If the above measures do not provide relief, your doctor can administer a cortisone injection. This carries the risks of rupturing the plantar fascia, or causing the pad of fat under the heel to atrophy, both of which would worsen, rather than lessen, your symptoms. Although these problems only affect a few sufferers, doctors are often reluctant to use cortisone injections as a treatment.
An experimental treatment is showing signs of being a successful option for plantar fasciitis. ESWT (extracorporeal shock wave therapy) inflicts tiny traumas to the ligament, which is believed to trigger tissue repair.
If all else fails, surgery to loosen the plantar fascia may be considered, but conservative treatments should be attempted first, for at least one year, before surgery is discussed. The success of surgical treatment is unpredictable.
- Rest: Avoiding activity that triggers pain will allow the ligament to rest and the tissues to begin healing.
- Ice: Placing your heel on a bag of crushed ice (wrapped in a towel), or rolling the sole of the foot over a frozen bottle of water, will help to reduce swelling and pain.
- Medication: Over-the-counter pain medicine such as ibuprofen (Advil), naproxen (Aleve) or aspirin will reduce inflammation and pain.
- Footwear: Change your shoes to ones with good supportive arches. Another method is to insert heel cups in both shoes to relieve pressure on the plantar fascia. Avoid walking barefoot, especially on hard surfaces.
- Night splint: Wearing a splint during the night keeps the ligament stretched so that it does not tighten up and cause pain when first stepping on the foot in the morning.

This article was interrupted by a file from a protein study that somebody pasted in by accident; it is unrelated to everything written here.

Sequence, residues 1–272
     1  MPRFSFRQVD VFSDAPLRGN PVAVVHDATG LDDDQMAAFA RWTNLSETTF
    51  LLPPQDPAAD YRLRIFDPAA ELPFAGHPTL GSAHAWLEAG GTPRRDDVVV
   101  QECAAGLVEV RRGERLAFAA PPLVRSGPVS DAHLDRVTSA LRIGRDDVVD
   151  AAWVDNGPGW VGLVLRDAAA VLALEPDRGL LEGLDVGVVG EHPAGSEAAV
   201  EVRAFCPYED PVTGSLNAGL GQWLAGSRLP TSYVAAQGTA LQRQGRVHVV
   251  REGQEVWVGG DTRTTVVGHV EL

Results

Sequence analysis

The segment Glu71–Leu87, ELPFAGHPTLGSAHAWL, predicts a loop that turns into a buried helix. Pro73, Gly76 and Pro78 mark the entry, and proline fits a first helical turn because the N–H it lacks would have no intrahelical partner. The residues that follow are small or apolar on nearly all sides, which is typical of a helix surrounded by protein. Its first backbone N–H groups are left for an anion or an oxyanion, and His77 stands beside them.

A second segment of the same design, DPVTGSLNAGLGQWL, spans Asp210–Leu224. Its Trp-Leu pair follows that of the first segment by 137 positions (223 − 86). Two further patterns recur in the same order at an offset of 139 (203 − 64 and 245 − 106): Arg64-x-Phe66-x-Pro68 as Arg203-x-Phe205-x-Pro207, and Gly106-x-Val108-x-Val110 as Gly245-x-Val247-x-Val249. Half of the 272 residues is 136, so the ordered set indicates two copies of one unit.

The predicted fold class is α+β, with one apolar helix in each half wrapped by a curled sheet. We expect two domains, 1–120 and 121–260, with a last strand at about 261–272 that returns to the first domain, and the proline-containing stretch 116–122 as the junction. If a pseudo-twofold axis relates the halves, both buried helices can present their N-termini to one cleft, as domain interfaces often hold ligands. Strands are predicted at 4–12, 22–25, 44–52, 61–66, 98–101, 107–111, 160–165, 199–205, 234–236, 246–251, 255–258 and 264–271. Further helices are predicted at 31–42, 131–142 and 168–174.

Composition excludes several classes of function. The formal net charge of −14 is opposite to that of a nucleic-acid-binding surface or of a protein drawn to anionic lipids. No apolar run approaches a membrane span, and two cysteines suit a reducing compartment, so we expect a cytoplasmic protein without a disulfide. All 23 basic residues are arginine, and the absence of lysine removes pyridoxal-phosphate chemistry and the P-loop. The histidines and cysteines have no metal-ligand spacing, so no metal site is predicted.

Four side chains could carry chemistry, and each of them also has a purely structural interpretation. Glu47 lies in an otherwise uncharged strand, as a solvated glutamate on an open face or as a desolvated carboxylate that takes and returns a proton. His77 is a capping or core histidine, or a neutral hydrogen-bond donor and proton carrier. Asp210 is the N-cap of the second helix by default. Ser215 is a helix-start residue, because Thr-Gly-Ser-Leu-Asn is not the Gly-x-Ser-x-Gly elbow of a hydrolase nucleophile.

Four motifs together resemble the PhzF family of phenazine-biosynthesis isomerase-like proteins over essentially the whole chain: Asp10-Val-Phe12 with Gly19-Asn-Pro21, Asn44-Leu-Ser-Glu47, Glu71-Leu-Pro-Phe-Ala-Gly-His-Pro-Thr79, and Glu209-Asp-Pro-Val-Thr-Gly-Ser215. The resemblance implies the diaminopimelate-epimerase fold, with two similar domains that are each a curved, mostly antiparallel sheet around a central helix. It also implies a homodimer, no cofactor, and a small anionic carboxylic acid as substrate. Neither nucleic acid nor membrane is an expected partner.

- Exercise: Although prolonged physical activity will exacerbate your symptoms, it is extremely helpful to perform stretching exercises for the tissues around the heel bone, especially first thing in the morning.
- Maintain a healthy weight to avoid adding stress to the ligament.
Ideally, these should be done twice a day, but primarily first thing in the morning. Be sure to exercise both legs to avoid developing an imbalance.
Stand facing a wall and place hands on it for support. Lean forwards until a stretch is felt in the calves. Hold for 30 seconds. Bend at the knees and hold for a further 30 seconds. Repeat 5 times.
Stand with your toes on the edge of a stair step or something similar, with your heels hanging over the edge. Place one hand against a wall for support. Slowly lower one heel until you feel a stretch in the back of the heel. Hold the stretch for 10 seconds then raise the heel up again. Repeat 10 times.
Plantar fascia stretch:
Sitting on the floor, bend one leg over the other and rest the ankle on the straight thigh. Hold the heel of the bent leg with one hand and the toes with the other. Pull the toes towards the shin until a stretch is felt on the bottom of the foot. Hold the stretch for 10 seconds. Repeat 3 times.
Sitting on the floor, loop a towel or exercise band around the top half of your foot. Keep your knee straight and toes pointed at the ceiling. Pull on the ends of the towel so that your toes are drawn towards you. Hold for 10 seconds. Repeat 3 times.